Considering how much front-damping was implemented on NTH-100, I was surprised to find that the sense of slam is actually better on NTH-100 than on the K371. The latter has a relative mid-bass de-emphasis which can make kick drums lacking in their sense of tactile thump, especially paired with its sub-bass emphasis which, as mentioned previously, adds a dissonant sense of elements being large, but lacking density and mass. Comparatively, NTH-100 is much better at providing this sense of heft in its initial impact, likely due to its different approach to tuning.
That being said, due to NTH-100s significant damping, I find that the decay is truncated enough to be immediately problematic. In terms of microdynamics and envelope integrity, especially in the treble, NTH-100 flat-out underperforms vs a lot of its competition. Treble elements sound unnaturally quick in how steeply they trail off and disappear. Minute volume changes seem to get rolled into one another quite messily, and as such the sense of groove offered by this headphone is greatly (but not solely) reliant on whatever rhythmic elements the program material offers in its bass and midrange.
Thankfully, the midrange of NTH-100 is significantly better at this aspect than the treble, where things sound competently natural and unencumbered when presenting the long decay of a vocal reverb or the natural bloom of an acoustic guitar. It’s still shorter in decay than what I’d consider natural, but it’s at least noticeably more ”normal” than the treble.
The bass microdynamics are competent enough for a closed back in this range, but once again, only just. On the small interstitial plucks of an electric bass in D’Angelo’s 1000 Deaths, you can feel NTH-100 struggling to keep up and portray each note’s individual pluck as an entity separate from the unyielding gallop of the kick drum.
In comparison, K371 seems to struggle with this aspect similarly, and perhaps stumbles even more (possibly due to its sub-bass being overly dominant and occluding the changes in the mid and upper bass), so while neither really does great here, I don’t know that any closed back in this price range really does.
In the realm of overall macrodynamics, I find NTH-100 and K371 to be trading blows. K371 does better at conveying timbral dynamics; instruments going from quiet to loud are portrayed as more accurately ramping up in timbral intensity to match, which affects the sense of how drastic these changes feel. NTH-100 on the other hand isn’t quite as diverse in its timbral range, where it causes things to sound kind of muted, even as they’re supposed to be getting more intense.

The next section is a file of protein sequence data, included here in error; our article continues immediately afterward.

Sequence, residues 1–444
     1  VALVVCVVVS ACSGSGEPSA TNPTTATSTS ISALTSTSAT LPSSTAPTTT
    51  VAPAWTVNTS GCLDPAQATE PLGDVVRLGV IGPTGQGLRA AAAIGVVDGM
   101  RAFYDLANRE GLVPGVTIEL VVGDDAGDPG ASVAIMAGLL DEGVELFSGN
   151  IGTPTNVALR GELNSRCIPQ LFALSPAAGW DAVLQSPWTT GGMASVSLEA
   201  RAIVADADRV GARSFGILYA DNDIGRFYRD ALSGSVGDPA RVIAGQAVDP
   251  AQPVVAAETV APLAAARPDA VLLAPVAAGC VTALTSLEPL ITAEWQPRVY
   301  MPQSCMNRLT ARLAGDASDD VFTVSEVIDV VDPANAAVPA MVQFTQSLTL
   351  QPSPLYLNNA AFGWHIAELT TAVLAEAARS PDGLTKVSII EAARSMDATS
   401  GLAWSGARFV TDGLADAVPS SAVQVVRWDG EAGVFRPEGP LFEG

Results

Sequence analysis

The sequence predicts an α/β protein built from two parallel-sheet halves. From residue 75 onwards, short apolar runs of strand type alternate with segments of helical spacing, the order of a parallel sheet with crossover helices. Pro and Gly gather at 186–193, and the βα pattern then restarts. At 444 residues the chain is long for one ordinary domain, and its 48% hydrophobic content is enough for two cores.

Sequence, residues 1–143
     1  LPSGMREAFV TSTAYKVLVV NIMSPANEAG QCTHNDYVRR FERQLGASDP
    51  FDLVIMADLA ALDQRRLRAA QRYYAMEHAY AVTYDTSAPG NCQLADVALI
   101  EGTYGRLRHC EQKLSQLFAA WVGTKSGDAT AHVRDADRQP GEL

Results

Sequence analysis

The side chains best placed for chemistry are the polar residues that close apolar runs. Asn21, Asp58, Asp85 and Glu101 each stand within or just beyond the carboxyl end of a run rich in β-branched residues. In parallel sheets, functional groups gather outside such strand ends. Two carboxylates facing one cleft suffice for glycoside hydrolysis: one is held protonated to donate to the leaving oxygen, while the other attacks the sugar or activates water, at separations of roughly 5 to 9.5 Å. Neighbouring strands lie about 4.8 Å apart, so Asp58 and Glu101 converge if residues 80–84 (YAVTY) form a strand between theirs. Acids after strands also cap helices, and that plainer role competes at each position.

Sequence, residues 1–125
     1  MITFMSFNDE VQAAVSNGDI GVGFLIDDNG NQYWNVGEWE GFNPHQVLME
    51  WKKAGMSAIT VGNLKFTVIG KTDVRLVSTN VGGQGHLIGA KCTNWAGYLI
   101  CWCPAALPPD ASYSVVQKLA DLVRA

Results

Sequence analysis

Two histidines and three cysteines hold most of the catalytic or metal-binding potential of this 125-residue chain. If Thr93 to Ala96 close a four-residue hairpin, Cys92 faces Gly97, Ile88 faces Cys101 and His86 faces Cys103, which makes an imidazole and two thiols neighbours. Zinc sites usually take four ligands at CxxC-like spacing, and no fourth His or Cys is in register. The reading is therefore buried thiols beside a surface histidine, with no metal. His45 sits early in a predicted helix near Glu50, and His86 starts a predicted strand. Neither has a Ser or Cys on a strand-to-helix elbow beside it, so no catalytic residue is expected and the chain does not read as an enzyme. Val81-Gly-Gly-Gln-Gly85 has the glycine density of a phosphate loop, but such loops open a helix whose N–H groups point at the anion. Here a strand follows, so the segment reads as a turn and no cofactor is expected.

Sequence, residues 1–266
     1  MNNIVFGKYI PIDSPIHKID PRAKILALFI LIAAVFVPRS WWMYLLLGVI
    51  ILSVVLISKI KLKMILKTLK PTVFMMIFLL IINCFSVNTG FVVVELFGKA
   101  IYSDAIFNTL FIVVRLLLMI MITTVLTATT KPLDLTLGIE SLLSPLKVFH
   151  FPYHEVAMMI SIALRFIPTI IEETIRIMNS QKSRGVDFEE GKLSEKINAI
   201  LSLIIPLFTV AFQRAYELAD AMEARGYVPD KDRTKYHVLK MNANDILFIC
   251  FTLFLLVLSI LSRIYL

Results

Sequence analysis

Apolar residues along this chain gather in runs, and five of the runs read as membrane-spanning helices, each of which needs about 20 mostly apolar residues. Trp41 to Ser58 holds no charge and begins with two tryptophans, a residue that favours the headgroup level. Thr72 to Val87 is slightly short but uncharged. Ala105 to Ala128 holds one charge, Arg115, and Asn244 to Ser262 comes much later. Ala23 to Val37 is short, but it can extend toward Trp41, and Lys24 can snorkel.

However, the NTH-100 does a better job at capturing the range of pure amplitude of the volume swings present in these macrodynamic moments, and the feeling of mass moving in these moments is overall more palpable.
Soundstage and Imaging
The readers with a little more experience in this hobby might’ve caught on when I mentioned earlier how the center/upper mid recession would have consequences for certain technical aspects. To those experienced readers, by now it should be clear that I was referring to how such a recession often has consequences for our perception of soundstage, and that certainly seems to be the case here.
While it’s obviously nowhere near HD800, any open back headphone, or even on par with the particularly spacious closed backs I’ve tried like the Australis and Verité Closed, NTH-100 has a presentation of soundstage surprisingly free of the pitfalls of most closed backs, namely disjointed front imaging and feeling uncomfortably “in your head.”
NTH-100 stages wider and less 3-blob than K371, with a marginally better distribution across the front-stage. Importantly though, the center image is much less annoyingly close than K371’s center image is. It gets pulled out front just enough to free you of the sense of intrusive intimacy that K371 has, but not enough to sound like you’re listening to something like a well-staging open back.
Overall the soundstage is pleasantly free of claustrophobia, and in a closed back for $150, I think this might be the most interesting aspect of the technical performance, since I don’t think any closed back even somewhat near this price range has a stage as minimally problematic.
That being said, the imaging here is… not good. If every instrument is an image within the stage, the edges of those images on NTH-100 are blurry and indistinct pretty much as a rule. They almost reach the point of blending together significantly in busy passages or tracks where two instruments are panned closely to one another. In general, you don’t get much separation or air between the elements of the mix on NTH-100, likely due to the lack of treble overall.
While the image clarity really isn’t great here, the sense of localization for these sounds is what I’d call competent. I can make out small gradations of panning just fine, or at least as well as the other closed backs it competes with.